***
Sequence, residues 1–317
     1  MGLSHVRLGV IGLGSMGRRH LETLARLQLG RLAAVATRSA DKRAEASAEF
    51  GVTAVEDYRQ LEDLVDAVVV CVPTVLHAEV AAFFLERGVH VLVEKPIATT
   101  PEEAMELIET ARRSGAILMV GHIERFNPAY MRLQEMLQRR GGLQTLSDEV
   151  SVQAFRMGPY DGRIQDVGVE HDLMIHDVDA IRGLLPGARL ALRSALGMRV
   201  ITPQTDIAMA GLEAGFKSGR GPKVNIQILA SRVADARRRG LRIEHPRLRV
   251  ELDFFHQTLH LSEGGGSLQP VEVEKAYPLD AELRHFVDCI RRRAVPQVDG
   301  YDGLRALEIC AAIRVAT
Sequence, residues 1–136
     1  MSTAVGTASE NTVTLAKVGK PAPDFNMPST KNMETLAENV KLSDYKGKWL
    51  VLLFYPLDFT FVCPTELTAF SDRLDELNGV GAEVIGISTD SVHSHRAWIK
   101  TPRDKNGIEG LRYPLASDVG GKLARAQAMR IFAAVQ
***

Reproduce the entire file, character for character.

Sequence, residues 1–317
     1  MGLSHVRLGV IGLGSMGRRH LETLARLQLG RLAAVATRSA DKRAEASAEF
    51  GVTAVEDYRQ LEDLVDAVVV CVPTVLHAEV AAFFLERGVH VLVEKPIATT
   101  PEEAMELIET ARRSGAILMV GHIERFNPAY MRLQEMLQRR GGLQTLSDEV
   151  SVQAFRMGPY DGRIQDVGVE HDLMIHDVDA IRGLLPGARL ALRSALGMRV
   201  ITPQTDIAMA GLEAGFKSGR GPKVNIQILA SRVADARRRG LRIEHPRLRV
   251  ELDFFHQTLH LSEGGGSLQP VEVEKAYPLD AELRHFVDCI RRRAVPQVDG
   301  YDGLRALEIC AAIRVAT
Sequence, residues 1–136
     1  MSTAVGTASE NTVTLAKVGK PAPDFNMPST KNMETLAENV KLSDYKGKWL
    51  VLLFYPLDFT FVCPTELTAF SDRLDELNGV GAEVIGISTD SVHSHRAWIK
   101  TPRDKNGIEG LRYPLASDVG GKLARAQAMR IFAAVQ